# Decimal to binary, Decimal to Octal confusion!

## Main Question or Discussion Point

Hello everyone, I realize this is really basic stuff and mainly pointless considering calculators can do it for you but i'm still wondering on why this isn't working out right. I'm in a digital design class and he showed us a method for converting decimal to binary and it seemed easy and seemed to work great but he would use numbers such as: 25 and nothing that had a decimal point. Well the number is 369.3125 decimal. To convert to binary it worked fine for the whole number 369 by just divding by the desired base, so since i wanted binary, i would divide by 2 and the remainder of each would be the number in binary. Also if I wanted to convert decimal to octal, i could just keep on divding by 8, and so on. But as you can see I can't figure it out how you figure out the .3125 of the number by using the divding method? Also I'm having troubles converting it to octal using the dividing method. Here is my work in the picture. Any help would be great!
http://img139.imageshack.us/img139/7369/fff7vh.jpg [Broken]

Last edited by a moderator:

Related Electrical Engineering News on Phys.org
I'll give you a couple of hints. First, convert that to the left and that to the right separately. Second, where the left values (starting at the point) of binary numbers represent values of 1(ie 2^0), 2, 4, 8,.....etc., those to the right represent values of 1/2 (ie, 2^-1), 1/4, 1/8,...etc.

KM

Same consideration for Octal, except the values to the left (starting at the point), are n*8, n*64, n*512,...etc., those to the right are n*1/8, n*1/64...etc. Operate on them accordingly.

KM

Thanks for the reply, well I know how to convert using that method, but I think it takes longer to do, is that the only way you can find the numbers after the decimal point? You can't use the dividing by power rule?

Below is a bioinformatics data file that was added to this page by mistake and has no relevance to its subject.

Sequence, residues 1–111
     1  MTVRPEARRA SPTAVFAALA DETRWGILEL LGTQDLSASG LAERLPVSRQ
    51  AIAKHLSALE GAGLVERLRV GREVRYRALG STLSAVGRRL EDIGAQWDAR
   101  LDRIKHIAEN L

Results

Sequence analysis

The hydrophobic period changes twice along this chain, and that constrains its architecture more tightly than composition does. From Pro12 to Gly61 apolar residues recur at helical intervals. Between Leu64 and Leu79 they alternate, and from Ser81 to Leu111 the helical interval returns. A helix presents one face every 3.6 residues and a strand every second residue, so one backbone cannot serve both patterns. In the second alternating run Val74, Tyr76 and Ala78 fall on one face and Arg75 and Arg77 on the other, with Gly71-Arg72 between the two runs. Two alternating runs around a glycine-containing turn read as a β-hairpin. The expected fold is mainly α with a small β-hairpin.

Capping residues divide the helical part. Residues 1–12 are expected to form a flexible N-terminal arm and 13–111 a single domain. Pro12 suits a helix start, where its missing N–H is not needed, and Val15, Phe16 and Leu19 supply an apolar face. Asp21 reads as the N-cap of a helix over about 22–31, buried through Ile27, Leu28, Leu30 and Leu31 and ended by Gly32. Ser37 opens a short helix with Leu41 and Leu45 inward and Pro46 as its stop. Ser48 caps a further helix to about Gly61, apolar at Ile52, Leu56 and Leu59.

mr_coffee said:
Thanks for the reply, well I know how to convert using that method, but I think it takes longer to do, is that the only way you can find the numbers after the decimal point? You can't use the dividing by power rule?

Sure you can. I thought what I told you would give you the answer. Hint: instead of repetitively dividing by two or eight, you divide repetitively by ?? or ??. (and what should that imply?)

KM

ohhh, instead of dividing by 2 or 8, it would be by 2^-1 then 2^-2? or 8^-1, etc>?

mr_coffee said:
ohhh, instead of dividing by 2 or 8, it would be by 2^-1 then 2^-2? or 8^-1, etc>?
Yes, and what are those values, and what does the use of those values imply? You can check it on your example, because it is a very simple case.

KM

actually, I found a much easier way, you don't divide by anything, if you want to convert a decimal base 10, to a binary, just multiply by 2, and keep doing it, if u want octal, multiply by 8, its simple. THanks for the help though.

mr_coffee said:
actually, I found a much easier way, you don't divide by anything, if you want to convert a decimal base 10, to a binary, just multiply by 2, and keep doing it, if u want octal, multiply by 8, its simple. THanks for the help though.

What do you think I was trying to hint to you. Dividing by 1/2 is the same as multiplying by 2. The same with 1/8 and 8, or any other base. Then whatever carries each time to the "left" of the point is the value you use.

KM

oh hah, sorry my bad, i forgot about the whole 1/.5 = 2. And i'm in calc III, sad. hah

I know this is an old post, but for some of you still reading this, you can use this http://www.stringfunction.com/decimal-binary.html" [Broken] to make sure you are converting the right way.